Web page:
Thing Four: America For Sale: But cheer up, Americans: Foreign buyers are snatching up U.S. homes at bargain prices, the Wall Street Journal reports. Property bubbles and debt crises around the world have made relatively cheap American real estate look like a safe-haven investment, the WSJ writes: "International buyers accounted for $82.5 billion, or 8.9%, of the $928 billion spent on residential real estate in the 12-month period that ended in March, according a survey released Monday by the National Association of Realtors. That was up 24% from $66.4 billion in the previous-year period."

Thing Five: Thanks, Saudi Arabia: If you're able to buy gasoline super-cheap this summer, thank Saudi Arabia. The ginormous oil producer is fighting a desire by other members of OPEC, which meets this week, to cut oil production and keep prices higher. Saudi Arabia wants to produce more, the Financial Times writes: "Opec, which supplies 40 per cent of the world’s crude, normally responds to a sharp drop in prices by curbing production. However, Saudi Arabia’s current policy objective now is to prevent crude rising much higher than $100 a barrel, in order to mitigate the risks high oil prices pose to the global economy."

Thing Six: Brown Vs. Murdoch: Who are you gonna believe? A former British prime minister, or Rupert Murdoch? Testifying at a judicial inquiry yesterday, Gordon Brown flatly denied that he had called Murdoch in September 2009 to threaten him with "war" for switching the allegiance of a Murdoch tabloid, The Sun. This contradicts testimony by Murdoch, raising the possibility he lied under oath, Reuters writes.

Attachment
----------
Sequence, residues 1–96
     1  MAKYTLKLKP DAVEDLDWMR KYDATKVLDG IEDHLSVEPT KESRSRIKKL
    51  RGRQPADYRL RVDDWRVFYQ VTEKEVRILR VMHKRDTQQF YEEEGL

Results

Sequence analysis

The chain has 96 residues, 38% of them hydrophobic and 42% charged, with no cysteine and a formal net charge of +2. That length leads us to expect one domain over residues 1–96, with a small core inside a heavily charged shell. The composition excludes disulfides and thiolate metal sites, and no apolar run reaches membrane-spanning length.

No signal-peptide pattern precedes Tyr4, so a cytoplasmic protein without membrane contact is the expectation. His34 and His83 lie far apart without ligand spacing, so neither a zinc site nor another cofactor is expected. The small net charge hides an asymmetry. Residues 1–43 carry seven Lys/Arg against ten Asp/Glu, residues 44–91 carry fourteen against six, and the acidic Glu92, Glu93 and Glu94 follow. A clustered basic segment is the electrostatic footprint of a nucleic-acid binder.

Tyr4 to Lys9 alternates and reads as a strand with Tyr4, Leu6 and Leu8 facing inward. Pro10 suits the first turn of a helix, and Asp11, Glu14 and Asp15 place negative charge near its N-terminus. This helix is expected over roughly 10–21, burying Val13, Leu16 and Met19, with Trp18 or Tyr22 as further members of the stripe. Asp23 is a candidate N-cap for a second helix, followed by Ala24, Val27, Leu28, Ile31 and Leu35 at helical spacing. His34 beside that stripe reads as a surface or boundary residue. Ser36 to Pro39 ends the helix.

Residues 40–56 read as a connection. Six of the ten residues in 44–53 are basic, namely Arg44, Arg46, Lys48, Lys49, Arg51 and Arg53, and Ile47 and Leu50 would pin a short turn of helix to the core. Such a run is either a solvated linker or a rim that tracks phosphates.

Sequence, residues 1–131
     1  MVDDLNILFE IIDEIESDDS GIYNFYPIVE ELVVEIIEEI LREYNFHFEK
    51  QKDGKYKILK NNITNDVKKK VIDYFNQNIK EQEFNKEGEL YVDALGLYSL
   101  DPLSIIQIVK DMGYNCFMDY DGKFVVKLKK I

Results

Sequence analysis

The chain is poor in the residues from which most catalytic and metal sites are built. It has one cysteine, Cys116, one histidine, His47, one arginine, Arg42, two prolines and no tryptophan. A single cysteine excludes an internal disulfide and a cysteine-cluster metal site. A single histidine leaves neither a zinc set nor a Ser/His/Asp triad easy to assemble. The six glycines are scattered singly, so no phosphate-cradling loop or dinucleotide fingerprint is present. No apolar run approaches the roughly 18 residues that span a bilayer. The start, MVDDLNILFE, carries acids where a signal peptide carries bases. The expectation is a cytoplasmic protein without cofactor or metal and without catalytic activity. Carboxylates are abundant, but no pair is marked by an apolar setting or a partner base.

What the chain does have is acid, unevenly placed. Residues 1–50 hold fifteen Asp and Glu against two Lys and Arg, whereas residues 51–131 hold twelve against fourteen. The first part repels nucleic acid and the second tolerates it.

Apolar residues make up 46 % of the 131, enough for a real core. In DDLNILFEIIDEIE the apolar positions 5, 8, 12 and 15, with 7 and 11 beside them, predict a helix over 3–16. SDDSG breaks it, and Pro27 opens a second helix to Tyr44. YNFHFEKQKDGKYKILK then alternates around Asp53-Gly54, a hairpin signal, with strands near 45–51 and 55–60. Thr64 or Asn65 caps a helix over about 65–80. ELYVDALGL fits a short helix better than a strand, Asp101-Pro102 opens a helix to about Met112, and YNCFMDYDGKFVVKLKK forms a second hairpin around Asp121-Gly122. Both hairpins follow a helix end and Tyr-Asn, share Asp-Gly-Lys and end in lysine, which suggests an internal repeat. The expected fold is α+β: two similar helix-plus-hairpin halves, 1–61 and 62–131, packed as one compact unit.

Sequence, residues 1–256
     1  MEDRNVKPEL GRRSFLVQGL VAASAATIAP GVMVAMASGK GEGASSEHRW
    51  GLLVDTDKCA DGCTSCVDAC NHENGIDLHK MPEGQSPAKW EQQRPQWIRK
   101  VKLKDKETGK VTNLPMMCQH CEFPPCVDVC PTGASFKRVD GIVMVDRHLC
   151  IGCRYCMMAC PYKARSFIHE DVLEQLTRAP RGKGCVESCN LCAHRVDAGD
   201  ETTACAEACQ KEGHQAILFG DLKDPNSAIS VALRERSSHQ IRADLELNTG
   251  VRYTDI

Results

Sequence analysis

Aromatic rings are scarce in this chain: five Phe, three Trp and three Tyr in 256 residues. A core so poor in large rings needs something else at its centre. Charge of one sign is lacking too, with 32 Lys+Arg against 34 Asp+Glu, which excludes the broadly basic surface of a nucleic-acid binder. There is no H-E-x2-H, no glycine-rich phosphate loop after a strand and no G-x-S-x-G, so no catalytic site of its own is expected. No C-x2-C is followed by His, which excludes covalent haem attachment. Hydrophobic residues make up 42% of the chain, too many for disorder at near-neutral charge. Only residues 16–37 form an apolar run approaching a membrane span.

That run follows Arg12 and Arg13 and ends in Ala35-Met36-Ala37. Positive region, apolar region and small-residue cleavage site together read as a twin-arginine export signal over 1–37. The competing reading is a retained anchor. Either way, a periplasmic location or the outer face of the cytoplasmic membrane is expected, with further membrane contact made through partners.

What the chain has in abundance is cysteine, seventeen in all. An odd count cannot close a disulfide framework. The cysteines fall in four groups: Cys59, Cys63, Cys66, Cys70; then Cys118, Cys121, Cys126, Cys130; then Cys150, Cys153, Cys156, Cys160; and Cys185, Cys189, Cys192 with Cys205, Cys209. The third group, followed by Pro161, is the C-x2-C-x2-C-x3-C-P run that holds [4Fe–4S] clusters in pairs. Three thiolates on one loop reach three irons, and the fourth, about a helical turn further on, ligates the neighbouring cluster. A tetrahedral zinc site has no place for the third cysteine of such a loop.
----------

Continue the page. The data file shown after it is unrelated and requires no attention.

Thing Seven: Apple And Google Hardly Speaking Any More: At a developers' conference yesterday, Apple introduced a bunch of shiny new MacBooks that cost a lot and run really well, but what was maybe more remarkable was the software it loaded onto those gizmos. Apple seems to be putting itself in greater opposition to Google, the Wall Street Journal writes: "Among the software products are a new mapping and navigation service that will replace Google Maps as the default on iPhones and iPads. Apple executives also bragged about the comprehensiveness of their local search service, which is integrated with its voice activated "virtual assistant" Siri. And the company struck a long-negotiated deal with Google rival Facebook to integrate various services."

Thing Seven And One Half: Reporter Josh Gross of the Boise Weekly in Boise, Idaho, is America's greatest hero and an Internet sensation because of this piece he wrote about an upcoming Nickelback concert at the Idaho Center. "You can spend $45 to go see Nickelback this week," he wrote. "Or you could buy 45 hammers from the dollar store, hang them from the ceiling at eye level and spend an evening banging the demons out of your dome." It just gets better from there.

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Calendar Du Jour:

Economic Data:

8:30 a.m. ET: Export and Import Prices for May

2:00 p.m. ET: Treasure Budget for May

Corporate Earnings:

Nothing.

Heard On The Tweets:

@pdacosta: And here I was thinking the whole thing was a credit event: Spain bailout unlikely to trigger "credit event" -- ISDA

@conorsen: After today's announcements it sure feels like $AAPL is going to be the uber-hub of the #dataeconomy.

@SusanCTShore: Wed Dimon testimony should make for a fun trading day.

@ReformedBroker: Europeans have their eyes glued on a f***ing soccer match while the EFSF commits to another hundred billion euros in loans. Perfection.

@mattyglesias: Would be more excited about Facebook integration for iOS 6 were not everything about Facebook horrible.

@TheStalwart: On a price/pixel basis, AAPL is cheaper than it's ever been.

-- Calendar and tweets rounded up by Khadeeja Safdar.

And you can follow us on Twitter, too: @markgongloff and @byKhadeeja